A legend in his own lifetime, John Hance (1837-1919) was synonymous with early Grand Canyon tourism.
Between the late 1880s and early 1900s, to say "John Hance" was to say "Grand Canyon." Hance was well known to travelers and visiting dignitaries alike, men such as William "Buffalo Bill" Cody and Theodore Roosevelt, the president who affectionately referred to him as "the greatest liar on earth." It was said that Hance tried to jump the canyon on his horse Darby only to turn back when he was halfway over and realized he would never make it across. The truth behind Hance's life is remarkable even without embellishment.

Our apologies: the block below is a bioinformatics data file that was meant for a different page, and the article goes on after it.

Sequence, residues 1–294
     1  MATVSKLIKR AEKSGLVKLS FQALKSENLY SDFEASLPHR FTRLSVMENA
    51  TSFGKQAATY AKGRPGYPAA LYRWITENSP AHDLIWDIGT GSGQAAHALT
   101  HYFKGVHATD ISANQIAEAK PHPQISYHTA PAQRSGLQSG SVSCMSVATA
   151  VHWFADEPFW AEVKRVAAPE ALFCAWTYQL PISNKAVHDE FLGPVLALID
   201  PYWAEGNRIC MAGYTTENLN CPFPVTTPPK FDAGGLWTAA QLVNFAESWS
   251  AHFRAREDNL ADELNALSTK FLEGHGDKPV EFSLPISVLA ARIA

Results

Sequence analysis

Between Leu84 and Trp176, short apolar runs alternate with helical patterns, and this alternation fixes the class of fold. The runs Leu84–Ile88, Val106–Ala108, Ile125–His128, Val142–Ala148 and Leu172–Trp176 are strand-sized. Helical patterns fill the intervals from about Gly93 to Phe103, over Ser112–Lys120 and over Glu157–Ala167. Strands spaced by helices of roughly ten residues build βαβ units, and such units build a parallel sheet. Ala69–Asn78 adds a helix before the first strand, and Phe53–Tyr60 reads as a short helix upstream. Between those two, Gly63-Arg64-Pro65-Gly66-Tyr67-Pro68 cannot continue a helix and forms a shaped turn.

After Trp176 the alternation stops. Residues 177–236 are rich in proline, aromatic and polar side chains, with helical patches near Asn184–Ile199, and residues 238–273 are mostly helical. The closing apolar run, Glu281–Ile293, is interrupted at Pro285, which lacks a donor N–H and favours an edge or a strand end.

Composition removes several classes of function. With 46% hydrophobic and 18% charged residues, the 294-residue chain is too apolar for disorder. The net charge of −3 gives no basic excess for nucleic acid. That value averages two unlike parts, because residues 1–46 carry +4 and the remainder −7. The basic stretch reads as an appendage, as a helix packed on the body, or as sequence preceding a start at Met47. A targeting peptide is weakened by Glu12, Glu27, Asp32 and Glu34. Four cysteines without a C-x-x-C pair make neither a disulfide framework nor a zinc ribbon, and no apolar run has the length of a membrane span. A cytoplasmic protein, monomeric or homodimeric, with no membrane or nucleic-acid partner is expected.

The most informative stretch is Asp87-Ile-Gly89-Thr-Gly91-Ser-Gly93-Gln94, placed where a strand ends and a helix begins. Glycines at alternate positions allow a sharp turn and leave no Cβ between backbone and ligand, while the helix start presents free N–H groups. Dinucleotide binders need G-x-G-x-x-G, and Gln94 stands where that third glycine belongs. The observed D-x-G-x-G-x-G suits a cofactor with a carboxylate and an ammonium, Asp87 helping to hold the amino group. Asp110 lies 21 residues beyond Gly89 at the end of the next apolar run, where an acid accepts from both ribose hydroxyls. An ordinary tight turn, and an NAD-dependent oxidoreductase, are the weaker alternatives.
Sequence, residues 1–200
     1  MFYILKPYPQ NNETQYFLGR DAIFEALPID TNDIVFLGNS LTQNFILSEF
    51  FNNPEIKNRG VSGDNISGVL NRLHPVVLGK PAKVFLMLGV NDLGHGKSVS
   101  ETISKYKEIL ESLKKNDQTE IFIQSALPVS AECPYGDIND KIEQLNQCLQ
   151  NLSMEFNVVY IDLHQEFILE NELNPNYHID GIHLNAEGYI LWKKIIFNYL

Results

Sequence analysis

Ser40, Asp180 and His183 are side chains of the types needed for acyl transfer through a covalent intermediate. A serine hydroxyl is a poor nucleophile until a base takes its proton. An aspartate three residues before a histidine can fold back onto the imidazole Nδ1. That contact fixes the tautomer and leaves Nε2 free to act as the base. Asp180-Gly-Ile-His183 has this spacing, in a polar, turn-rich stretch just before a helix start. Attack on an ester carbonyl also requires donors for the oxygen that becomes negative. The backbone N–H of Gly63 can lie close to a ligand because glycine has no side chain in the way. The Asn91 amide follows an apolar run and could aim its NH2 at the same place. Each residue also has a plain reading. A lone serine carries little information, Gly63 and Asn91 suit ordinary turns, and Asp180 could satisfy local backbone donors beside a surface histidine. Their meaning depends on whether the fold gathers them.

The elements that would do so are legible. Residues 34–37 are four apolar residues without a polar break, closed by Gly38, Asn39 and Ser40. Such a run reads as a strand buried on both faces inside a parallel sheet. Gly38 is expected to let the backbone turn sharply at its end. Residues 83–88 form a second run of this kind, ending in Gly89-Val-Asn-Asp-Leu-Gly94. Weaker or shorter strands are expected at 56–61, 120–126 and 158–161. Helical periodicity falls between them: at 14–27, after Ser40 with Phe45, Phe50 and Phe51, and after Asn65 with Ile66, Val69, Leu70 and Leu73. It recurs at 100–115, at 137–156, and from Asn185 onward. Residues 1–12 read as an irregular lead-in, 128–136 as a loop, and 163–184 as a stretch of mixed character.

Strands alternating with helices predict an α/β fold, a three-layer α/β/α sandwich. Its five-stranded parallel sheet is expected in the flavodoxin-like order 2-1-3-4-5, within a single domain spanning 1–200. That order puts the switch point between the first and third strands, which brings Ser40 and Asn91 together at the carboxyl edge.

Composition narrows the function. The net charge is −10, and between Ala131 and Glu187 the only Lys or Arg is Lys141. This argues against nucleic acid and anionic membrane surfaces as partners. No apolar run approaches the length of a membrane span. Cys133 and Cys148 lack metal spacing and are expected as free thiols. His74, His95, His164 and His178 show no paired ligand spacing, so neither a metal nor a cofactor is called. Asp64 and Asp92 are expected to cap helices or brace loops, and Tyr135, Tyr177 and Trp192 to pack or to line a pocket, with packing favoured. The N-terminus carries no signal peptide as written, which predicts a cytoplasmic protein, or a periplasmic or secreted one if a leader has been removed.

In this book, Shane Murphy chronicles Hance's childhood in Tennessee and Missouri, his service in the Confederacy during the Civil War, his time in Union prisons as a POW, and his later adventures with the Hickok brothers crossing the plains.
Settling in Arizona's fruitful Verde Valley, Hance farmed and filled military contracts before taking up residence as Grand Canyon's first permanent Euro-American settler, trail builder, guide, and renowned storyteller. Hance left no correspondence, personal memoirs, or other writings.
Only informal portraits from magazines and newspaper accounts remain.
Murphy investigated assessors' rolls, rare mercantile ledgers, and mining claims to create a full and compelling narrative of a man who was once an icon of the American West and should be remembered as the founding father of Grand Canyon tourism.